The Commission's review highlighted concerns in a number of markets, but Alcan was able to divest a number of businesses. According to the Commission, the divestments and other conditions ensured a comparative level of competition in the supply of aluminium sheets for the beverages and cosmetics industries after the merger.
Canada's Alcan and Pechiney of France are aluminium companies. Their activities include bauxite mining, alumina refining and power generation as well as aluminium smelting, manufacturing and recycling. Both have research and development departments and also make fabricated products, most importantly packaging, including aerosol cans, cartridges and flexible packaging - all of which are widely used in the food and beverage industry.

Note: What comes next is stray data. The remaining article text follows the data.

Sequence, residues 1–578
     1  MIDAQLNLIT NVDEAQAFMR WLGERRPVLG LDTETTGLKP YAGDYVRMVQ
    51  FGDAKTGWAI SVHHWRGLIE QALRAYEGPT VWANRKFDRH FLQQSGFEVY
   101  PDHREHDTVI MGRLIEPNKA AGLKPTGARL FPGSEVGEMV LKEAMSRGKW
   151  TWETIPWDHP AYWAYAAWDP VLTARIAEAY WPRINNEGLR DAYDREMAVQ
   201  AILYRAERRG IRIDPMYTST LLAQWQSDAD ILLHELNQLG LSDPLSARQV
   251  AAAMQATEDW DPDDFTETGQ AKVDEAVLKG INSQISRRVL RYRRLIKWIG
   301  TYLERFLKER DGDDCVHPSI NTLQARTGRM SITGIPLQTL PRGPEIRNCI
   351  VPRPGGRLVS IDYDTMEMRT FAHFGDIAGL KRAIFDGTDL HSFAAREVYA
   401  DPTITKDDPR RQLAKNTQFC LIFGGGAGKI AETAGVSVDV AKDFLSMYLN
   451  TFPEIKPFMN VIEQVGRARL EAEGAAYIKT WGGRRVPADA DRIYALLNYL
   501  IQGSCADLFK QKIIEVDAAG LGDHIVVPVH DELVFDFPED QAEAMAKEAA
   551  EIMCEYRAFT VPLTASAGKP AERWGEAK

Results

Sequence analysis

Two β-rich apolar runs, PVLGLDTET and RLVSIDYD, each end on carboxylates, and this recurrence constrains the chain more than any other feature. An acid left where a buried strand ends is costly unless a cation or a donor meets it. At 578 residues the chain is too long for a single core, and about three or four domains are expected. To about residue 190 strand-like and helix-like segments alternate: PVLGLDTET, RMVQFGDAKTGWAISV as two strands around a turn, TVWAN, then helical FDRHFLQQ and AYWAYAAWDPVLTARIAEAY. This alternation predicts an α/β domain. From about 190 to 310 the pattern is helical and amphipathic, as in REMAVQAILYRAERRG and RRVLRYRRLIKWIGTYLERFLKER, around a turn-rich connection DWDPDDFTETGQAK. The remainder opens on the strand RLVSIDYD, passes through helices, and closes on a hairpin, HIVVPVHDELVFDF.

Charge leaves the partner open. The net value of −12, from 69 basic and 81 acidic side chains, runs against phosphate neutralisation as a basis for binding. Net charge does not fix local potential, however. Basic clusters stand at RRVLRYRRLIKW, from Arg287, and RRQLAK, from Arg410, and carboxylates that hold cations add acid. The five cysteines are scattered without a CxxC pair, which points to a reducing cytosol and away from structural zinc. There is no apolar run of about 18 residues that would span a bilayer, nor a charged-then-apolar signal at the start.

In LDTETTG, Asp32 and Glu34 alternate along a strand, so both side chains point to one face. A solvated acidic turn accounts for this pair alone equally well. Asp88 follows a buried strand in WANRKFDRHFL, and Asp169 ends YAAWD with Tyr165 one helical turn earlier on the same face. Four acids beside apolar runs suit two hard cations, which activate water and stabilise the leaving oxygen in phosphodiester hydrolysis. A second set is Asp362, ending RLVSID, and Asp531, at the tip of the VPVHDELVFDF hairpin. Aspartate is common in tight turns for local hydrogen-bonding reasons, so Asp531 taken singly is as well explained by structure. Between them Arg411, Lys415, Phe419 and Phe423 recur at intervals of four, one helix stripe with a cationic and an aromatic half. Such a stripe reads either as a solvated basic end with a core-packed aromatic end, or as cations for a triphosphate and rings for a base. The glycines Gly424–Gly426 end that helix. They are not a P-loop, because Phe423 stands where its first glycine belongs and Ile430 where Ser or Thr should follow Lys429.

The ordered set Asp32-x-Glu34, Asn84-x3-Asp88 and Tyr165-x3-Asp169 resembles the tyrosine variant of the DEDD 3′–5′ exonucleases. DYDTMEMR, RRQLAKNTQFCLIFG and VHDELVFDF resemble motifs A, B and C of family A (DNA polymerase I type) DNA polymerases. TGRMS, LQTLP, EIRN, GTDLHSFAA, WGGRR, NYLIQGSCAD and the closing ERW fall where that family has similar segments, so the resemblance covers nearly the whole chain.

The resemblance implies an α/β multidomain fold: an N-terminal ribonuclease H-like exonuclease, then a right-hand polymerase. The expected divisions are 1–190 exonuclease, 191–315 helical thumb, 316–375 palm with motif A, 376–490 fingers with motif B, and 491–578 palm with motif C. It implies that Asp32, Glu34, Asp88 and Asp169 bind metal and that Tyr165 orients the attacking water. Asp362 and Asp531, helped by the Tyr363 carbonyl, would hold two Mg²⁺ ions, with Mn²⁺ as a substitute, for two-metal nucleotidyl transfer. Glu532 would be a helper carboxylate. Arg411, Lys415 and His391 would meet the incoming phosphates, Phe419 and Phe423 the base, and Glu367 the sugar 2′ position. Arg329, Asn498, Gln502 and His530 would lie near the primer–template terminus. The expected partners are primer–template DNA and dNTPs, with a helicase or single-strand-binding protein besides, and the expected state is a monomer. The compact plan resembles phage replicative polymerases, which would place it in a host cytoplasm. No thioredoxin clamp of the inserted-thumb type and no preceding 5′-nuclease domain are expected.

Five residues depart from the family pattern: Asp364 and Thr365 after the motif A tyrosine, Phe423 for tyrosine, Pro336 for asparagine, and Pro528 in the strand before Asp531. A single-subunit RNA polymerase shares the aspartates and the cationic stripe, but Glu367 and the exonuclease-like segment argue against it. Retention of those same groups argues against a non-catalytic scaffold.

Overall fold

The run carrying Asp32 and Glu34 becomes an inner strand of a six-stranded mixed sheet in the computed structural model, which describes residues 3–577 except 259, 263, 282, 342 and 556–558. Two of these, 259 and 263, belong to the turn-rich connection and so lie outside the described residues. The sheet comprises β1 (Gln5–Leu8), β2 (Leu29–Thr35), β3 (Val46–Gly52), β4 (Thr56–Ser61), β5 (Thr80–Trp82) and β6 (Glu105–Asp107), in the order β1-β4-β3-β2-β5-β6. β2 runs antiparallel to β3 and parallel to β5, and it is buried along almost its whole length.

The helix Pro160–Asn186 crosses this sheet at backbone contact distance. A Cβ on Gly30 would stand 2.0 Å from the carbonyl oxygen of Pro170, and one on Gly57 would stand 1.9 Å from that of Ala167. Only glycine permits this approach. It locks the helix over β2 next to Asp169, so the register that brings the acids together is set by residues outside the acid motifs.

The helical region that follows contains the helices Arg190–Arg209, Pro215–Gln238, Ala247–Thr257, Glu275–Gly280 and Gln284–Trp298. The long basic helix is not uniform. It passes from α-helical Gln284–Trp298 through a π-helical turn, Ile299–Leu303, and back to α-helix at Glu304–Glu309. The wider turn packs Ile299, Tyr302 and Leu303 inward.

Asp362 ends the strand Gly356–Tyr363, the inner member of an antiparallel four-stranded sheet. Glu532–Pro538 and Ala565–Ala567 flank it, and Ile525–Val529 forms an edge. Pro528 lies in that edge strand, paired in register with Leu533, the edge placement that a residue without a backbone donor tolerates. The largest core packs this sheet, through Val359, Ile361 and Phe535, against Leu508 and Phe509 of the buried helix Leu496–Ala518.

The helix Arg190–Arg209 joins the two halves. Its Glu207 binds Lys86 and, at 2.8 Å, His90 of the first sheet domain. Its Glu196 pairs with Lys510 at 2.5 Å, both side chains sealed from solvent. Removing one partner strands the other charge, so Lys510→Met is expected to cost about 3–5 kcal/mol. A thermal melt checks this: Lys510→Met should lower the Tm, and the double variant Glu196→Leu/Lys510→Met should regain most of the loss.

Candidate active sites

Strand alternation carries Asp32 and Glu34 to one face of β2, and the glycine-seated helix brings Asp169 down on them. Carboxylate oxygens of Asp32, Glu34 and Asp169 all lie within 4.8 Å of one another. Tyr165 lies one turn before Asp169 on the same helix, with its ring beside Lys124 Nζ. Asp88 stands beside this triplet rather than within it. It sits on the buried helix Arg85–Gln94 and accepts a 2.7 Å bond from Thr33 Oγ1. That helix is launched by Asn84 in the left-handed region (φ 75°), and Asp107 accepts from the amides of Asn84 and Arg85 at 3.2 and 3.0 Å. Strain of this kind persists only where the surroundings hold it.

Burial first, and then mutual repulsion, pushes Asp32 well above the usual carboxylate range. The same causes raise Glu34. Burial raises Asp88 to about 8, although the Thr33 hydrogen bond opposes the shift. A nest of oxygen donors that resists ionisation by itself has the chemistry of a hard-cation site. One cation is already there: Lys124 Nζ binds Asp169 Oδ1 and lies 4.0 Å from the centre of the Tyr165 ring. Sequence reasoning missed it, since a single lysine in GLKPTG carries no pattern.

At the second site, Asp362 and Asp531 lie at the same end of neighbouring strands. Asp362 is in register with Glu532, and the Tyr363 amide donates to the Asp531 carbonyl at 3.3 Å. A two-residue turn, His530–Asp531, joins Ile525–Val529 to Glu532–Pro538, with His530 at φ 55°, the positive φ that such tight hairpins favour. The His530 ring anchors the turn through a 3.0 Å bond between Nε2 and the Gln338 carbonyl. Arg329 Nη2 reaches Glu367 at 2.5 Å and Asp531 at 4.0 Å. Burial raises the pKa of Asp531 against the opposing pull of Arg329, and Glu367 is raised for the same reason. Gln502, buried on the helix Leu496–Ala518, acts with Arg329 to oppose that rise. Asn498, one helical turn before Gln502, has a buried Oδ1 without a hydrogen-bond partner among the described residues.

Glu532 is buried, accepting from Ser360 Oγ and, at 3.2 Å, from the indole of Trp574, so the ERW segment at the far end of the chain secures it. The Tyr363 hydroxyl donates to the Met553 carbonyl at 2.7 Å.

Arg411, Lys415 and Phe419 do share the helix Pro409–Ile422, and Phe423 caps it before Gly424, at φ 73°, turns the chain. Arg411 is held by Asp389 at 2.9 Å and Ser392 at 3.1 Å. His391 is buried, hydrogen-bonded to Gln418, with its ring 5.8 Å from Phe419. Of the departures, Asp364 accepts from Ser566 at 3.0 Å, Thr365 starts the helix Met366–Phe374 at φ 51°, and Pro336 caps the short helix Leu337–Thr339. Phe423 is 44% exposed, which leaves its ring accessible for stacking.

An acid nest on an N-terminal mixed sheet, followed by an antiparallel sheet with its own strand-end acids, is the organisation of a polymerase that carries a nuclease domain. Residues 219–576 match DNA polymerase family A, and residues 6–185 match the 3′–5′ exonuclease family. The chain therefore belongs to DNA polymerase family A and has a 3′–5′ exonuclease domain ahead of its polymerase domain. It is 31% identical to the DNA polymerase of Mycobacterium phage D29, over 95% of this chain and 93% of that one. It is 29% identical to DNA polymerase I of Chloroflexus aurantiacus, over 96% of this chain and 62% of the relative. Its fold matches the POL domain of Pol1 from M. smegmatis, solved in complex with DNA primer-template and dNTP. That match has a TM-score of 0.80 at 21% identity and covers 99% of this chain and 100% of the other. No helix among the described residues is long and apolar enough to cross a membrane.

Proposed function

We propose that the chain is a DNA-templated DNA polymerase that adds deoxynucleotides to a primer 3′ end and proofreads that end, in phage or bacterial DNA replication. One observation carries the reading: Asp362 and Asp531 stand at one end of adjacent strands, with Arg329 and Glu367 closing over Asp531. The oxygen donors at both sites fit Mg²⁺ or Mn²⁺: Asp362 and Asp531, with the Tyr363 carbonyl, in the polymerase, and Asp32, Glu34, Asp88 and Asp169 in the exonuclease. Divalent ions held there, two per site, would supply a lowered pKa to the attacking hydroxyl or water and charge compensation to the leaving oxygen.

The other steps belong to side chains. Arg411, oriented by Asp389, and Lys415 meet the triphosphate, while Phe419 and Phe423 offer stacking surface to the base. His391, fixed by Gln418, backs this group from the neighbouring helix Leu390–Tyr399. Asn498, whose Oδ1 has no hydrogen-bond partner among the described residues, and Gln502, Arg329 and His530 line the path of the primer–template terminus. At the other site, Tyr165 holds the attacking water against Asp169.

If successful, the bid would create the number one aluminium company in terms of global turnover, followed closely by current world leader Alcoa.
The Commission's market investigation identified concerns in the overall market for flat-rolled aluminium products (FRPs) and particularly with regard to beverage and food can stock as well as beverage can end stock (can tops). These markets are already concentrated and the combination of Alcan and Pechiney would result in what the Commission terms high to very high market shares".
The Commission's investigation also highlighted concerns in the markets for aluminium aerosol cans and aluminium cartridges that require rigid packaging.
In order to meet the Commission's regulatory concerns, Alcan divested a number of its businesses primarily concerned in the food packaging business as well as eliminating overlap in its activities in the aerosol and cartridge packaging segments.
In 1999 Alcan and Pechiney notified a friendly merger for regulatory clearance. The deal triggered many competition concerns and was the subject of an in-depth investigation. The plan was abandoned in March 2000 after the companies disagreed on the undertakings to submit to the Commission.